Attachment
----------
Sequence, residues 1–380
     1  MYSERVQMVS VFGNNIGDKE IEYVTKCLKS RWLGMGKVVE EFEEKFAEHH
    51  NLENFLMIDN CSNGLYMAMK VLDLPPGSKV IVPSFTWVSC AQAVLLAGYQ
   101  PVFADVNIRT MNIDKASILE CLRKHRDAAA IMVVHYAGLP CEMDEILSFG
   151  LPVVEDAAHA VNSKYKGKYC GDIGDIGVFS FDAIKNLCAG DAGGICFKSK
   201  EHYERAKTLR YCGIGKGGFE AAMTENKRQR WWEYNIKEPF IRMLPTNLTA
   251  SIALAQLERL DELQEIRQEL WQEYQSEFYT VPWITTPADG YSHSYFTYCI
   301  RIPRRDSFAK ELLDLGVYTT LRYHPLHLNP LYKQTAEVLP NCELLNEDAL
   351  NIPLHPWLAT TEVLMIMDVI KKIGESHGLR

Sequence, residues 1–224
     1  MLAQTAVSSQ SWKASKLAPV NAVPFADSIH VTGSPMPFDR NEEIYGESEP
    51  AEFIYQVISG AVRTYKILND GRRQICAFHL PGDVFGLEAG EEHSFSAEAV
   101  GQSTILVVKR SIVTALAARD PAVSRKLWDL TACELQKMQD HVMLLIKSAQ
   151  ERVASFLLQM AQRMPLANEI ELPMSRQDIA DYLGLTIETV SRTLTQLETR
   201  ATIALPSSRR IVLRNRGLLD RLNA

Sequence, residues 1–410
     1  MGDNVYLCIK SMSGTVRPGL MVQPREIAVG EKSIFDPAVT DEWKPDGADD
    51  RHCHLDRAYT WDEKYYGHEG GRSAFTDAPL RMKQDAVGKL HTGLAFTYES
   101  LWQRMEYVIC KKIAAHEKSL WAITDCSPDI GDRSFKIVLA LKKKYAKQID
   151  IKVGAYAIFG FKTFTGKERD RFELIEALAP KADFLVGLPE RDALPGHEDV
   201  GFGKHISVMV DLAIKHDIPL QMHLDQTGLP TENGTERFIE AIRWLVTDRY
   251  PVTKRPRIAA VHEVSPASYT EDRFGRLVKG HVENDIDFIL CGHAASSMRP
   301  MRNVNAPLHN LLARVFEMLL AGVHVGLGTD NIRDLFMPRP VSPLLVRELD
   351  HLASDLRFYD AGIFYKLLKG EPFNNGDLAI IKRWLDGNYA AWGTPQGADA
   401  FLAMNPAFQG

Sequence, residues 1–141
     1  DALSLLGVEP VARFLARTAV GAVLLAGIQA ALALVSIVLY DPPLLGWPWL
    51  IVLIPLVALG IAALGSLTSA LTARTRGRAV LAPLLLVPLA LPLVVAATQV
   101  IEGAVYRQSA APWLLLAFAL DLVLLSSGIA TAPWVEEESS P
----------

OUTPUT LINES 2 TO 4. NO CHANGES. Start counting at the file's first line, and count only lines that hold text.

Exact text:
     1  MYSERVQMVS VFGNNIGDKE IEYVTKCLKS RWLGMGKVVE EFEEKFAEHH
    51  NLENFLMIDN CSNGLYMAMK VLDLPPGSKV IVPSFTWVSC AQAVLLAGYQ
   101  PVFADVNIRT MNIDKASILE CLRKHRDAAA IMVVHYAGLP CEMDEILSFG